How a Black veteran desegregated a Texas medical college

How a Black veteran desegregated a Texas medical college

When we consider notable civil rights points in medication, the best-known instances could be Henrietta Lacks, whose cells had been taken with out consent for analysis, or the individuals of the syphilis research at Tuskegee, who had been topic to unethical experiments.

These are essential occasions that modified the course of medication, however they’re additionally examples wherein Black folks had been unknowingly harmed as sufferers. Vanessa Northington Gamble, a doctor and researcher at George Washington College, needs us to know extra tales of Black folks actively resisting racism inside medication.

STAT spoke with Gamble a couple of new paper she revealed on Herman A. Barnett III, a Black veteran who desegregated the College of Texas Medical Department in Galveston in 1949. Technically, Barnett was admitted to the college on a contract foundation — to uphold racial segregation, the college management deliberate to construct a wholly separate medical college for Black college students the place Barnett could be required to switch. However that faculty was by no means constructed, and Barnett graduated from UTMB in 1953.


The dialog has been edited for size and readability.

I’d love to start out with the way you got here throughout Barnett’s story and what you about it. 


I’m very within the medical civil rights motion, as a result of there’s not rather a lot written about civil rights activists in medication, be it in hospitals, medical societies, or on this case, medical faculties.

I wrote in regards to the desegregation of the College of Arkansas Faculty of Drugs. That medical college desegregated in 1948. And there have been no troops, there have been no lawsuits, there have been no jeering mobs. And the lady who desegregated that faculty, her title was Edith Irby, later Edith Irby Jones. Arkansas didn’t struggle it. However, in Barnett’s case, there’s Texas not solely combating it, but it surely wished to construct its personal separate medical college for Black folks.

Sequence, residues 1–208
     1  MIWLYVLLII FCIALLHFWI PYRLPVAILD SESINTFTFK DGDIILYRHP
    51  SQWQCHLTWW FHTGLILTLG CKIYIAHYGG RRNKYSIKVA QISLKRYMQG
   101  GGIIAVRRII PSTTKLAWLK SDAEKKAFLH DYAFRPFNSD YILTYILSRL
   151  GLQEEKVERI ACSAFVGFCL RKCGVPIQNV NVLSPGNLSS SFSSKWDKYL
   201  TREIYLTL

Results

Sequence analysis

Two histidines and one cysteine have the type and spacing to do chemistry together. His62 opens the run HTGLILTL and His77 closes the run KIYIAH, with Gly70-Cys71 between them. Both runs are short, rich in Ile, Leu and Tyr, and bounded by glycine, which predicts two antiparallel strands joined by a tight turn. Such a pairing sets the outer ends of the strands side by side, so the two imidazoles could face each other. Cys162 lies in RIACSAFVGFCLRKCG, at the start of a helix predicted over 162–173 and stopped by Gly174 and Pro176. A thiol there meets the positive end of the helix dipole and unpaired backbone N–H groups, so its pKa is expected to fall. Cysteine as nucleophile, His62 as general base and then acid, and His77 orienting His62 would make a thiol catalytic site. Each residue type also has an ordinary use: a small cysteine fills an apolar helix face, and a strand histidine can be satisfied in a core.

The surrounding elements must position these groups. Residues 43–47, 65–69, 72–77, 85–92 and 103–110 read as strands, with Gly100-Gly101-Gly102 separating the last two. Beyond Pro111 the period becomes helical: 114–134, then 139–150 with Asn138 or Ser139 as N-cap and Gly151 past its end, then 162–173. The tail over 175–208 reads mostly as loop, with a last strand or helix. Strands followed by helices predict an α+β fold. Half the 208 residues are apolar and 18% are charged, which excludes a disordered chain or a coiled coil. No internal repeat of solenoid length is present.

One of many issues that fascinated me about Texas is that it was the one place the place they appropriated the cash for the separate medical college. North Carolina wished to do it. They handed laws, however they didn’t acceptable the cash. So Texas was completely different. There’s a few causes that medical college was by no means constructed, the primary being that after World Struggle II, their medical training turned so costly.

How a Black veteran desegregated a Texas medical college
Vanessa Northington Gamble Courtesy Georgia State College

Though Barnett was part of the college, and he did properly, there was nonetheless segregation. He needed to sit at a desk by himself. He may solely see sufferers on the Black hospital.

The opposite half about Dr. Barnett’s story that’s linked to the broader civil rights narrative is that he was a vet. He had been a Tuskegee airman. So one of many main narratives of the civil rights motion and the medical civil rights motion was: right here had been these individuals who had fought, had served their nation, and couldn’t get into, say, a veteran’s hospital.